But during this time many of the guests have enjoyed more alcohol and their inhibitions have diminished. And then it happens. A guest has the chance to pick up two balloons at once and they believe that the single funniest thing in the world that they can do at that moment is a balloon-based rendition of Madonna’s Vogue. We’ll leave the details to your imagination and the only thing more top shelf is if the organisers have decided on a mixture of balloon sizes and the same guest picks up three balloons instead. Wayhaaaaaay!
Filling wedding balloons with precious helium needed for MRI machines which then land in the ocean and choke a baby turtle might seem like a good idea. But is it worse than Cousin Janet’s wedding balloon dance? (Yes)
We all enjoy different parts of a wedding reception. The majority of guests will enjoy the wedding band but in their own way of course. There are those guests who will be front and centre – the first on the floor and last to be dragged off it. Some guests will enjoy a quick dance to their favourite tunes but not enough to build up a sweat under their precious wedding hat, And then there are a significant number who will use every technique in the book to avoid dancing. They enjoy the tunes and many will be “back of the room toe tappers” but that is their limit.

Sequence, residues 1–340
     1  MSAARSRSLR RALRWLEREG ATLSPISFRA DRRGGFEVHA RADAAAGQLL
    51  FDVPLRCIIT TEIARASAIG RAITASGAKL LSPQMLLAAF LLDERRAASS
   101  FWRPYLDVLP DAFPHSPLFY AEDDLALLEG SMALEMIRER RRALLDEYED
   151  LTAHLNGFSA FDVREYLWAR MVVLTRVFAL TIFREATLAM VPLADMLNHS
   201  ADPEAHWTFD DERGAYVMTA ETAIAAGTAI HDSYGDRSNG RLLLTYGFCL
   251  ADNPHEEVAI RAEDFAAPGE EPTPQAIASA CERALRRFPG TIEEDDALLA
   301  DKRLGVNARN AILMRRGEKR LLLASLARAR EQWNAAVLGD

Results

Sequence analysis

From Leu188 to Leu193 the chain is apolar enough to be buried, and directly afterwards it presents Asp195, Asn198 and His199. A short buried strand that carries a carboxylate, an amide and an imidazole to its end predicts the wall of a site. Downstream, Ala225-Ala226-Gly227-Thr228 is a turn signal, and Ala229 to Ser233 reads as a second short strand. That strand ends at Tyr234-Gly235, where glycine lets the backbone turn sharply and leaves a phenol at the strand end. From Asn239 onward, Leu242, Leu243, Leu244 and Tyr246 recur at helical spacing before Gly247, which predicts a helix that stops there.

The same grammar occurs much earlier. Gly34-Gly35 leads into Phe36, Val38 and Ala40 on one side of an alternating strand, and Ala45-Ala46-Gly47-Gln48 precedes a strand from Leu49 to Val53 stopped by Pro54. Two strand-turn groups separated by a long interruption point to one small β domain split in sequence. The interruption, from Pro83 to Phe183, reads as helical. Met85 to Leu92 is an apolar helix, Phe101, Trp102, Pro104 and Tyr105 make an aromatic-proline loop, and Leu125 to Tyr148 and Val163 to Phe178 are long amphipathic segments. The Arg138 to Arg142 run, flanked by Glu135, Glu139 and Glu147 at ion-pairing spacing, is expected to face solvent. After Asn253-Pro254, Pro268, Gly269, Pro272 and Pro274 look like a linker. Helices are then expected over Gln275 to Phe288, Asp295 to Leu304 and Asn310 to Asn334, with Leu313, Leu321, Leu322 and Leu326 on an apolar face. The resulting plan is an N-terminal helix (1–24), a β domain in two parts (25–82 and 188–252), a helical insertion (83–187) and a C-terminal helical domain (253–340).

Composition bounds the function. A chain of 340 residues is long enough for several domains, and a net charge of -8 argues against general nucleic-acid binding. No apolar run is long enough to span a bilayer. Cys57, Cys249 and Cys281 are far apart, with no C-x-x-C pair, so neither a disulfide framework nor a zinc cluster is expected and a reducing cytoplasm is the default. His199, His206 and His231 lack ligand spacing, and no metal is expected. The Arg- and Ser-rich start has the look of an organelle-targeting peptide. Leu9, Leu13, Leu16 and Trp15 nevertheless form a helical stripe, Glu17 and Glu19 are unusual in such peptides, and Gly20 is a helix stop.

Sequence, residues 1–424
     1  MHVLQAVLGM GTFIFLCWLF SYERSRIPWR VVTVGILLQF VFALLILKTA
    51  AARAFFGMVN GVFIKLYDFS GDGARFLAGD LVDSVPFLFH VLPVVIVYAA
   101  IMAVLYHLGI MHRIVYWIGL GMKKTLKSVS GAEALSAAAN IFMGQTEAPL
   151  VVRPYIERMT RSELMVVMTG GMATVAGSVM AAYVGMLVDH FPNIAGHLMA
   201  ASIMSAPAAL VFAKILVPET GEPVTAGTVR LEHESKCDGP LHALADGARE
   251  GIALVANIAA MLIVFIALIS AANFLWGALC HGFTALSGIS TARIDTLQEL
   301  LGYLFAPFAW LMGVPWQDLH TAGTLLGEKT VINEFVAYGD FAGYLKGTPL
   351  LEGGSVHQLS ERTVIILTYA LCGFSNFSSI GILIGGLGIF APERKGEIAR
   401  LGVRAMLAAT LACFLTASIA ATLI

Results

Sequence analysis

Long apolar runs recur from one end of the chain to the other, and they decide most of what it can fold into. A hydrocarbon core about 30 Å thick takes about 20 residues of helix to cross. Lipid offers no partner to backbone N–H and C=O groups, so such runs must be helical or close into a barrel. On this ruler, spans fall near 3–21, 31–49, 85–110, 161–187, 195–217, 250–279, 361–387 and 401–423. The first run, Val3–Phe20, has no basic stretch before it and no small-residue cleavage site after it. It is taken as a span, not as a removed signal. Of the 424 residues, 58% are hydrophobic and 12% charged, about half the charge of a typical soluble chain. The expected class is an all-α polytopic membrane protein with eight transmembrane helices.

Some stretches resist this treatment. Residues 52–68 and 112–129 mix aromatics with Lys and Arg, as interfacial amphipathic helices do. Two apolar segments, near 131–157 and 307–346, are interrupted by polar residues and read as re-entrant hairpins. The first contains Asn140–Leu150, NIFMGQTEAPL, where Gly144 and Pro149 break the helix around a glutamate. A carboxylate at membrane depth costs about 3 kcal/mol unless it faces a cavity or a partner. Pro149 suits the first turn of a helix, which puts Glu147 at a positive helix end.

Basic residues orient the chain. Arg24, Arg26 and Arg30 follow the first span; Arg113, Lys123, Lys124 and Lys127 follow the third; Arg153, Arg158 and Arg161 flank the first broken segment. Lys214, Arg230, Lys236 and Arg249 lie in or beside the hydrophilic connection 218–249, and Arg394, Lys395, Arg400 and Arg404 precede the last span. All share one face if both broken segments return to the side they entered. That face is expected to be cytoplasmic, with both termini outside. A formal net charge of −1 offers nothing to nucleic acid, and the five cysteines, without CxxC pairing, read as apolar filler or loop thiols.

This doesn’t mean that they’re not enjoying the wedding band as much as the others but they’re perhaps not as confident busting a move as their more extrovert counterparts. And this is what can cause one of the most painful sights on a wedding dancefloor – forced participation.
The harrowing sight is reminiscent of a BBC wildlife documentary narrated by Sir David Attenborough.